Jim Banks On: Why Increasing Board Width Is Not Always A Good Idea

26 Oct 2016 2 Share

Jim Banks

Surf Legend

COASTALWATCH | JIM BANKS

Words by Jim Banks

I often get customers asking for a wider board so that they can get more paddle power. This can be a good idea at times, but unless you are intending to change the actual design of the board, making a board wider to increase paddle power is generally not a good idea.

Why? Because the width of a board is a major influence on how a board feels under your feet, how it positions itself on the wave, and how it responds in maneuvers. Yes, it will give you improved paddle power but it’s also going to substantially affect the functioning of the board and so unless your intention is to make changes to the design and performance of the board, then just increasing the width to improve paddle power is not such a good idea.

SEE ALSO: Jim Banks On, The Perfect Indo Quiver

In general, the overall width of a board affects the stability of a board.  A wider board is more stable and less sensitive and under your feet while a narrower board is the opposite. It doesn’t take much. Just an 1/8” difference in width can make a substantial difference in how a board will respond and feel. 

Ten or twenty years ago boards were much narrower than current boards. It was to keep them sensitive and responsive. But since then, advances in design to bottom rockers and contours, outlines, rails, fins etc. have allowed surfboard builders to develop boards that are wider and generally more stable but still have a sensitive response and the ability to get into (and out of) tight positions on a wave. We’ve learned and developed designs to get the best of both worlds. 

Another thing that a wider board will do is generate more speed and drive, and carry across dead spots better, which is generally another very desirable trait in a board, but if the board is too wide it can generate too much lift and drive causing the board to skip or spin out and have too much resistance to direction changes.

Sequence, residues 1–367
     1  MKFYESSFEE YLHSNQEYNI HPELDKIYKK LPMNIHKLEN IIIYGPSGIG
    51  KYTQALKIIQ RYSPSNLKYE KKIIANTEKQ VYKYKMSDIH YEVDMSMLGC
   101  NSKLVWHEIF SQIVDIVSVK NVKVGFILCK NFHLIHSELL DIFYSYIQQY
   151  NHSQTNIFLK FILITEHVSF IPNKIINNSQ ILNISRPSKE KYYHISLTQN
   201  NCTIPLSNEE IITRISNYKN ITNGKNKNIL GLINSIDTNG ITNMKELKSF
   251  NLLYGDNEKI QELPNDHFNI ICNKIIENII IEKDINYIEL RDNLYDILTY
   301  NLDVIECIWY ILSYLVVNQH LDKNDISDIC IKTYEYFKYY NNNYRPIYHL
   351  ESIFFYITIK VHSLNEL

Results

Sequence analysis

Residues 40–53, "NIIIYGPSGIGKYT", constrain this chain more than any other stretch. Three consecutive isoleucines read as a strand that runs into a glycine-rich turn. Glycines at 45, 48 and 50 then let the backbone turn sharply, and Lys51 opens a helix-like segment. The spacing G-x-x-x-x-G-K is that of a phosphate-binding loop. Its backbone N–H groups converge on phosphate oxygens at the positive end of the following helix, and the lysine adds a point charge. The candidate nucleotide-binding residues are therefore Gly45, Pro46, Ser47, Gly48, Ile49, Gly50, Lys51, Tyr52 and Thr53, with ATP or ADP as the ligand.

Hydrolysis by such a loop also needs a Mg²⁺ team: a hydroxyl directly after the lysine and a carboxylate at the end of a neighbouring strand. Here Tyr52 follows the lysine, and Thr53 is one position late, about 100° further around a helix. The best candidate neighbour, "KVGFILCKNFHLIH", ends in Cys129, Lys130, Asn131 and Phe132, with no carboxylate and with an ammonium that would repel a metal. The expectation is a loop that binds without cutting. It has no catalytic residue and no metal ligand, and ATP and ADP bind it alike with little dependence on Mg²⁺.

SEE ALSO: Jim Banks On, The One Dollar Surfboard

In the end, it’s all about balance and if a board is too wide it will substantially impede performance.  I recall looking at footage of Dane Reynolds a little while ago and I could see that the board he was riding in the particular clip was too wide and restricting him. Dane is an incredible surfer and was doing a pretty good job overcoming the board’s limitations, but it was very obvious that the width of the board was limiting Dane. If Dane was struggling with it, what chance do the rest of us have?

These days with current designs trends moving surfboard widths out, and with what we’ve learned the last few years, many shapers will quietly nod their heads when a customer asks for more width, because we know that the more recent designs are working better with a little extra width. Care still needs to be taken a we need to be sure that the extra width is going to improve the design, Otherwise increasing the width just to get more paddle power is not a good idea.

*WIN A CUSTOM JIM BANKS BOARD HERE!

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Jim Banks is a Cronulla boy at heart. He was red-hot grommet and a huge star-in-the-making in the 1970s and 80s, grabbing the world's attention by beating Mark Richards in his prime. Known as insane tuberider he was totally fearless. After competing as a pro in a couple of comps, he famously ditched it all to become the ultimate tube warrior.

Banks moved to Indonesia and became the explorer of perfect reef breaks and has dedicated his life to the search as well as building amazing, world renowned boards. Jim Banks still lives in Indo. He is soulful, easy going and  still is an unbelievable tube rider; three qualities that allow him to make incredibly well designed and built boards. 

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